A few weeks ago the Ministry of Social Development story broke - there were kiosks in the Work and Income offices that were open to the public, connected to the departments servers effectively allowing anyone to walk in off the street and access sensitive information that was being held on citizens currently using the service. It was all fairly horrendous.
At some point Ira Bailey got a bit of criticism for attempting blackmail Winz. Brendon Boyle, the head head of MSD said "Mr Bailey had asked for cash in order to tell the Ministry where the problem was.", an idea reiterated by John Key. From where I was sitting it was sounding very much like an attempt to cast Bailey as a criminal.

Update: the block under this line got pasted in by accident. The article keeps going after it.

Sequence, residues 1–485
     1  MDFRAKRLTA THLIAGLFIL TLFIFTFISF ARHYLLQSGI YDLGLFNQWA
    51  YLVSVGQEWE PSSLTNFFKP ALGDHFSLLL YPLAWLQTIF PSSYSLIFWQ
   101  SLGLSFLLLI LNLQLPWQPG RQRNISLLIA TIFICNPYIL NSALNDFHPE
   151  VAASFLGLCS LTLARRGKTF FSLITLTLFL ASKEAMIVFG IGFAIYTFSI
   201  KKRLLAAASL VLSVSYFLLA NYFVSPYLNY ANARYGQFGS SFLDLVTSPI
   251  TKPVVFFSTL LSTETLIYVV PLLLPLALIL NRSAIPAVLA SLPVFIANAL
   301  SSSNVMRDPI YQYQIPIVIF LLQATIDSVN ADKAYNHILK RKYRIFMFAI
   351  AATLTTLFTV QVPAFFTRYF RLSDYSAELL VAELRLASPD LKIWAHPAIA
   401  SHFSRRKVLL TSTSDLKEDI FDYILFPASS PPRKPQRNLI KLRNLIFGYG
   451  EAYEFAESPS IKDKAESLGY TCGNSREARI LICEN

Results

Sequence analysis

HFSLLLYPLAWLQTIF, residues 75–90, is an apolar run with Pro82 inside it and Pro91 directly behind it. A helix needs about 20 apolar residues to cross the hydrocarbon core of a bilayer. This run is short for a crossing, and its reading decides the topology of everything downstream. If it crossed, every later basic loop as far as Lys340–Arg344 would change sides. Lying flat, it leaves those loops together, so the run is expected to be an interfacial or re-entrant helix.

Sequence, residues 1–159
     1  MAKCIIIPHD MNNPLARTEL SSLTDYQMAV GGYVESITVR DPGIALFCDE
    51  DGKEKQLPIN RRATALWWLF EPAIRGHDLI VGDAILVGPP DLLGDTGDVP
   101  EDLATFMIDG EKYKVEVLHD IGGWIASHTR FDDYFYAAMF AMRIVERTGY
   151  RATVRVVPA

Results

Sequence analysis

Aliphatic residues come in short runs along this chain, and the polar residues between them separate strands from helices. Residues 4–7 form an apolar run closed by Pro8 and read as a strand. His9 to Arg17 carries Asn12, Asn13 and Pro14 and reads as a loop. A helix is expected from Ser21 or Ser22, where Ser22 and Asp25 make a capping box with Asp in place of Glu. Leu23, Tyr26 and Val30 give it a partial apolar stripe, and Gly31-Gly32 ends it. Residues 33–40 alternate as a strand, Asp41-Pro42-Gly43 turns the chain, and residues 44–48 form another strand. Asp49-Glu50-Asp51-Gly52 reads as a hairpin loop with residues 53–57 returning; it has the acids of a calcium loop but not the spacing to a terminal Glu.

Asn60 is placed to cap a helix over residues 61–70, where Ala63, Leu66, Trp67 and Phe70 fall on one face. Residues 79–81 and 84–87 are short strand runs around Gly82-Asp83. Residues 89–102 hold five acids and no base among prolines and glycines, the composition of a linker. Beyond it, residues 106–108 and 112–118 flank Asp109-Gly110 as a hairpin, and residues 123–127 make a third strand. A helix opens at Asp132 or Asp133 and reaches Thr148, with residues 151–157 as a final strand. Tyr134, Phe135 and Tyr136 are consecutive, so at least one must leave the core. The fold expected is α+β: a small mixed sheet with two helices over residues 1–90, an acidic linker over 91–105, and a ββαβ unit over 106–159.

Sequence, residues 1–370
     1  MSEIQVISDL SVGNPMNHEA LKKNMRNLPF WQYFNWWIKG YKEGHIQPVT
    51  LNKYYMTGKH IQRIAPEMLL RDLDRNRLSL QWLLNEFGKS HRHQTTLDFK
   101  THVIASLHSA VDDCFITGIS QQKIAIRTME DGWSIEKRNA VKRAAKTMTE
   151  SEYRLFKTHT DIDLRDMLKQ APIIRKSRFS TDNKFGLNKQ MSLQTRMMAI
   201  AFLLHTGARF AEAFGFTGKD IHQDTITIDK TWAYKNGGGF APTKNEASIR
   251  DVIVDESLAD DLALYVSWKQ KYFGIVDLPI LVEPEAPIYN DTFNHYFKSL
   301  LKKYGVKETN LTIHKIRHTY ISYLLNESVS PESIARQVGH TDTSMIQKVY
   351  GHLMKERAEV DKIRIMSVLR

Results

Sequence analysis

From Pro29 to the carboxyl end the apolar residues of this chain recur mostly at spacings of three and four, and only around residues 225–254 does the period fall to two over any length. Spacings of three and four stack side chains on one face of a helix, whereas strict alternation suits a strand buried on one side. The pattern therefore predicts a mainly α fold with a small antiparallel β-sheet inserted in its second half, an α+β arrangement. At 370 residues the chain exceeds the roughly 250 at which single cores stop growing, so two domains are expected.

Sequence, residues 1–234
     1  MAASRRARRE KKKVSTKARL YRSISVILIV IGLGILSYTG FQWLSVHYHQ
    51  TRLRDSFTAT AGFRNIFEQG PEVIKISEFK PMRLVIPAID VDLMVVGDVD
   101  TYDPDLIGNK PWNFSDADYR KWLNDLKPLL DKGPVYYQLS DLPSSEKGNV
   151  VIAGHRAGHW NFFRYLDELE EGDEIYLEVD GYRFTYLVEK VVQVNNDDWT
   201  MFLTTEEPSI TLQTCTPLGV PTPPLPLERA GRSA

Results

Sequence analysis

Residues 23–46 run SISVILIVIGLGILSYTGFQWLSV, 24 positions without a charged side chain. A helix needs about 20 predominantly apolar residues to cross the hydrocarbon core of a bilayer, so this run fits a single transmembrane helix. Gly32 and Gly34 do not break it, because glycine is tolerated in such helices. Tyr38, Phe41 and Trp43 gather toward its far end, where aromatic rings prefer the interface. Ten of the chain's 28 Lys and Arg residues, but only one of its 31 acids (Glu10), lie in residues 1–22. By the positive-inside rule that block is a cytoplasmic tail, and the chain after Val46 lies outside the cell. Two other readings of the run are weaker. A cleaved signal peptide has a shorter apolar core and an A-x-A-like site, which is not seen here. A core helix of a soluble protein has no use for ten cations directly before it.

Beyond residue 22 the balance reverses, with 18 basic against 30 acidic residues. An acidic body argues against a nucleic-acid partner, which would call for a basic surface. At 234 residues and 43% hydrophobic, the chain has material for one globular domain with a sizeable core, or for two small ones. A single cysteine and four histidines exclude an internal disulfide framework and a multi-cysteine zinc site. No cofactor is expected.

There are people who do this for a living though. It's not an uncommon practice for companies to pay individuals a bounty for bugs. And there's evidence to suggest that it's a practice that's paying dividends - there are a limited number of bugs in a given product and Google is finding fewer and fewer. Every time one is reported, it is fixed, and the end product becomes more secure. Rather than vilify those who find weaknesses in their systems Google has recognized the value of the time people have invested in finding bugs and have used them to make it's product better. It's a good deal I think, certainly something that would make me more inclined to use and trust their products over a similar product that doesn't have such a scheme attached.